Columbia, SC (WLTX) - For parents who feel like they're constantly telling their kids to put down those video games, there may be a good side to those game as remote control loving kids may have a future in law enforcement.
There's a new tool out there designed to keep you safe and it's probably something that every little boy would do anything to have: a remote controlled helicopter.
The Richland County Sheriff's Department teamed up with the Columbia Police department, to create hovering, crime fighting machines. Officially, their knows as A.I.R., which stands for Ariel Intelligence and Response.
"They're able to do surveillance without putting human life in jeopardy," said Richland County Sheriff Leon Lott.
The remote controlled helicopters were unveiled on Tuesday during a press conference, where both law enforcement agencies gave demonstrations.
"This is an example of where jurisdictional boundaries are broken down for a criminal," said Columbia's Police Chief Randy Scott. "Quite simply put, they can't run."
They were built right here in the Midlands by Deputy Marcus Kim and Master Police Officer Joshua Bice. Both men are experienced in manning remote controlled aircrafts.
These small helicopters are already being used in Iraq and Afghanistan by the US Military. A few years ago, Deputy Kim said he approached Sheriff Lott about using similar technology in Richland County.
"I thought, hey... why not bring it to the Sheriff's Department," said Kim, "To help us have another eye in the sky as well."
And although the chopper is most likely fun to fly the benefits are no joke.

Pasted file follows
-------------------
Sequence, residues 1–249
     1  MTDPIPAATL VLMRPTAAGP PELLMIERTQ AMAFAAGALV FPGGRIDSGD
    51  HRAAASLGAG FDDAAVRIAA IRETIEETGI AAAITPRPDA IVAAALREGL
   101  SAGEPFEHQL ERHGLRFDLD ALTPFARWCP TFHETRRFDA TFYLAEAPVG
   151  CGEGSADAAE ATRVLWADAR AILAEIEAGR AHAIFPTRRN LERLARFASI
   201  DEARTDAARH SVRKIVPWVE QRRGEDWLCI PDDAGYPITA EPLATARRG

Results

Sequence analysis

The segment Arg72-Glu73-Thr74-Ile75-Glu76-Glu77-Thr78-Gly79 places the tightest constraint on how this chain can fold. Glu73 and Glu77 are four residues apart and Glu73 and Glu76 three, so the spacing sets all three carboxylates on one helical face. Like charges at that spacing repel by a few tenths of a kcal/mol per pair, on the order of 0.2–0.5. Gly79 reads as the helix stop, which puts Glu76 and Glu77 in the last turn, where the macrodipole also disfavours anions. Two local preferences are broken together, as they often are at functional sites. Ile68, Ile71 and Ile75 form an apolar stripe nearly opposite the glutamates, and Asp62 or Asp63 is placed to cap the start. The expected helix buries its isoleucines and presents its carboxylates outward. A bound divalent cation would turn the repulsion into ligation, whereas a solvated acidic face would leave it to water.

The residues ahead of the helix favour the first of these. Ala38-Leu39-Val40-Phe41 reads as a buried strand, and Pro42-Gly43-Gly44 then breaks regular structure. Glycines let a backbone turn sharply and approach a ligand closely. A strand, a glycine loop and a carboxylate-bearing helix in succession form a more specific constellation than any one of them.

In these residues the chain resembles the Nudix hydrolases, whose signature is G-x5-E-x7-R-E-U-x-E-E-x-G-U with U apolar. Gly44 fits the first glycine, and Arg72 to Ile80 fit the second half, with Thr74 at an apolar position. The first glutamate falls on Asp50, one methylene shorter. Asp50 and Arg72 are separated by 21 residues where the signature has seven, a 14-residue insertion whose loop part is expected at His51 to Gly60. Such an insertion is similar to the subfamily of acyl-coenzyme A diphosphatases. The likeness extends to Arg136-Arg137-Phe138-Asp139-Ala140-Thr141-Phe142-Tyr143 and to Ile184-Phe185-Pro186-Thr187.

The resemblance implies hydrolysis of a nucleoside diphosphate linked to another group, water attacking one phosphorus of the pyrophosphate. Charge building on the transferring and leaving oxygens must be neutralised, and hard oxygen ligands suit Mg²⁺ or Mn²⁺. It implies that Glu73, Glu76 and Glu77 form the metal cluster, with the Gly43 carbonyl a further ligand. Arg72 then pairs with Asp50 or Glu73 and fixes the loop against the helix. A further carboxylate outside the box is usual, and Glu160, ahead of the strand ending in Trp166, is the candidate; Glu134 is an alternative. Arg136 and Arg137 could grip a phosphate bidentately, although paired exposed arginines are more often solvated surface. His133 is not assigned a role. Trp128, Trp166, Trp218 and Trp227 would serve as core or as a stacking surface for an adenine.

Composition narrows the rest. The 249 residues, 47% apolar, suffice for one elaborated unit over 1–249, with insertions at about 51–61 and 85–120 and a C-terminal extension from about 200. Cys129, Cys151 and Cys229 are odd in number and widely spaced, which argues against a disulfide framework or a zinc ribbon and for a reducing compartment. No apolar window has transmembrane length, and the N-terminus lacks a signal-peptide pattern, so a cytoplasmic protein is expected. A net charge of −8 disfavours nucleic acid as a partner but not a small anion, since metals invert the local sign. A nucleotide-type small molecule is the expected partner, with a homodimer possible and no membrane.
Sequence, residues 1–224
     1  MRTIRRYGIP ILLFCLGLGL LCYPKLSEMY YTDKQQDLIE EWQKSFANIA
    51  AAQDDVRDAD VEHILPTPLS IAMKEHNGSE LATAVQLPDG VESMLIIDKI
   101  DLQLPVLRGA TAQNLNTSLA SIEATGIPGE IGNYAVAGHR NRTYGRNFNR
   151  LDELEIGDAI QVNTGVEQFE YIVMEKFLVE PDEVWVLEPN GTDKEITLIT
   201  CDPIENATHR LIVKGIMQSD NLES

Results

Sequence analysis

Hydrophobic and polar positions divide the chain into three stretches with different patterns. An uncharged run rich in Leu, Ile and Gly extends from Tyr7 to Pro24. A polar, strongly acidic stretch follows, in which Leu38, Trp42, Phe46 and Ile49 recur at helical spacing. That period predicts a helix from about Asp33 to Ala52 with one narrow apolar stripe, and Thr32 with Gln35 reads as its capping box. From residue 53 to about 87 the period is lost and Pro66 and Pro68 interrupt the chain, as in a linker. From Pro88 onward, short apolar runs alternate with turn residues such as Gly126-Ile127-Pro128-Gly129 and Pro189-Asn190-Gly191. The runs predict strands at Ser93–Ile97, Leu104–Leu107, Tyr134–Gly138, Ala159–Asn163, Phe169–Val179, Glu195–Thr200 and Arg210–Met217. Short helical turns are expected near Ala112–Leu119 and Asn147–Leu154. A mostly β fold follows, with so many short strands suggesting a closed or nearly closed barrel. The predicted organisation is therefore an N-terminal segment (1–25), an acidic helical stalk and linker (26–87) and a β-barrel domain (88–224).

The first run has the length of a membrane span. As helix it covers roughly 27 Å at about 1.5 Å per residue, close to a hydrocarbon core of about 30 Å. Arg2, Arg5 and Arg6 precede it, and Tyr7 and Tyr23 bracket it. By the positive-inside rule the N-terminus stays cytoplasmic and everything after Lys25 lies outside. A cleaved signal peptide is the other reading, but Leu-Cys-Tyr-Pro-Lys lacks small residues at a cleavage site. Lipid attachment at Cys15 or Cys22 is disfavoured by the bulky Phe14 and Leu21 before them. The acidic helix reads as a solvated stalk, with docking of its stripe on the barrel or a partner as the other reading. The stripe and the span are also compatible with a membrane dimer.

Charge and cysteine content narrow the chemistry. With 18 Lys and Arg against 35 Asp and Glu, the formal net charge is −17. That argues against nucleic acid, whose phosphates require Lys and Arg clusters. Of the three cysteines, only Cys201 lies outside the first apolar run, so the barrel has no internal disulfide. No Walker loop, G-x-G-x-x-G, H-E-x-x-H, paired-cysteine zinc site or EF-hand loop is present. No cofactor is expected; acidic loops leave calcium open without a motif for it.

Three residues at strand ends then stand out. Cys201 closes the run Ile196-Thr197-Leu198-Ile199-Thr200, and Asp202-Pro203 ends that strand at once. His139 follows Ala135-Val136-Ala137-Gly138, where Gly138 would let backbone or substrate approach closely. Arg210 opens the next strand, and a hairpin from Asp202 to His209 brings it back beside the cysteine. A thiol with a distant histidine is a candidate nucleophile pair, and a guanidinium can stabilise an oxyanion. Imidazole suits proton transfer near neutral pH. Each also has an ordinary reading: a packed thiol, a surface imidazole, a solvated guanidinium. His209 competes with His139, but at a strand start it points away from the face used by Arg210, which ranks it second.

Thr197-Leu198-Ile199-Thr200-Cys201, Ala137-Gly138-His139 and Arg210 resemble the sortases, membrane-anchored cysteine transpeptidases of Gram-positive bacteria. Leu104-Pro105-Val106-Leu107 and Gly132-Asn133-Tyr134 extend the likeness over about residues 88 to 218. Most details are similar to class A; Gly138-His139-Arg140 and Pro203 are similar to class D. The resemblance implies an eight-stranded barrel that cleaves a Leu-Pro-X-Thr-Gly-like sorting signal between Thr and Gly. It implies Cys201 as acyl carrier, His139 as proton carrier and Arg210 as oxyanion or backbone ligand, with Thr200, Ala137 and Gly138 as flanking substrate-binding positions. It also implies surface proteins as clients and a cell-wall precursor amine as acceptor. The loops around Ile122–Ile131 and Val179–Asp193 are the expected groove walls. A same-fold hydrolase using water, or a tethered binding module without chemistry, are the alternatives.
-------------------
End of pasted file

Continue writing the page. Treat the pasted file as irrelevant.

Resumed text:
"It's just something new that we've looked at as a way to be more effective at saving the citizens money and also to save lives," explained Lott.
Right now there is just a camera attached to the machine but it is capable of doing more than just shoot video.
"We do have the capability of putting a weapon on there if we needed to," Lott Said. "We could put one on there. Hopefully we would never have to use it."
The cost of one of these helicopters? About $2,800. But they are cheap to keep running. Lott said it takes about 25-cents worth of electricity to charge the battery and only about 25-cents worth of fuel. Compared to a real helicopter which costs hundreds of dollars ever time it's sent up.
The battery life of the unmanned aircrafts can vary, but they're capable of lasting up to 40 minutes. Officials say it only takes a few minutes to change out the batteries.
They are much smaller and quieter than a real helicopter making it easier to be discrete.
"It can be under cover," said Lott. "It can fly so high in the air that you're not going to really see it or hear it."
Besides surveillance, they can also be used during search and rescue operations and during accident reconstructions. Each department hopes to have more than one helicopter in the near future.